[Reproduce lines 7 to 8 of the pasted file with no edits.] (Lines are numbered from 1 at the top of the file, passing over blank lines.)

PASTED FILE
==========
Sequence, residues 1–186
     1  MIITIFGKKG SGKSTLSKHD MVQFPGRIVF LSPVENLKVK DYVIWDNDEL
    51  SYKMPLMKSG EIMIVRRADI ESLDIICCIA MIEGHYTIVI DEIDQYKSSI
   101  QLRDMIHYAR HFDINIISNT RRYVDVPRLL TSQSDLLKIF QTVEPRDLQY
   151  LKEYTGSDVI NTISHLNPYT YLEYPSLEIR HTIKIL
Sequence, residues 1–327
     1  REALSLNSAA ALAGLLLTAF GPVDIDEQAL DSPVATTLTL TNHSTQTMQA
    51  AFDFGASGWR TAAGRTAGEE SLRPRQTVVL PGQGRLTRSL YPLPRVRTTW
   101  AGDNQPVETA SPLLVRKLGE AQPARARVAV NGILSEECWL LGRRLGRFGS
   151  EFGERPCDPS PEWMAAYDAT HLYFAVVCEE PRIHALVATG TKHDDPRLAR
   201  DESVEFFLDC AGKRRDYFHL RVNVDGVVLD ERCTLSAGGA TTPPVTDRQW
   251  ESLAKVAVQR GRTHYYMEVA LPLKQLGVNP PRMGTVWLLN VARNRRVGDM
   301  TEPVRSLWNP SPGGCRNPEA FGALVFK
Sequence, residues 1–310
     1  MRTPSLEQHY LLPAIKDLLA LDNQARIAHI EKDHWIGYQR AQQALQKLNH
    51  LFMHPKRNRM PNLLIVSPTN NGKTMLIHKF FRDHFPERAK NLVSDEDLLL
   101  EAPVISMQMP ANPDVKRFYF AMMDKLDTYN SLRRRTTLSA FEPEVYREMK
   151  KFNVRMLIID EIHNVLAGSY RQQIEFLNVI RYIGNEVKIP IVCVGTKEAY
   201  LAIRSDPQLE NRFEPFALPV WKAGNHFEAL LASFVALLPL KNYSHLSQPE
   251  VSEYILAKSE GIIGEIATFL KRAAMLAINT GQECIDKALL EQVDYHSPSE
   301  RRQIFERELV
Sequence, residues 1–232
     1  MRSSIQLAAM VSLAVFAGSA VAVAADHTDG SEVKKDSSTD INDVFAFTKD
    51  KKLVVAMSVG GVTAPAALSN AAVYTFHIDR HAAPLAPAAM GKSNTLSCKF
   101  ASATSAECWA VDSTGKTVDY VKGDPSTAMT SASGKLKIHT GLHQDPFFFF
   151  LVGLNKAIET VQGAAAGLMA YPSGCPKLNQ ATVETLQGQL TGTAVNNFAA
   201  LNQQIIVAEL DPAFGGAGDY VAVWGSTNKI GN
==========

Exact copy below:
     1  REALSLNSAA ALAGLLLTAF GPVDIDEQAL DSPVATTLTL TNHSTQTMQA
    51  AFDFGASGWR TAAGRTAGEE SLRPRQTVVL PGQGRLTRSL YPLPRVRTTW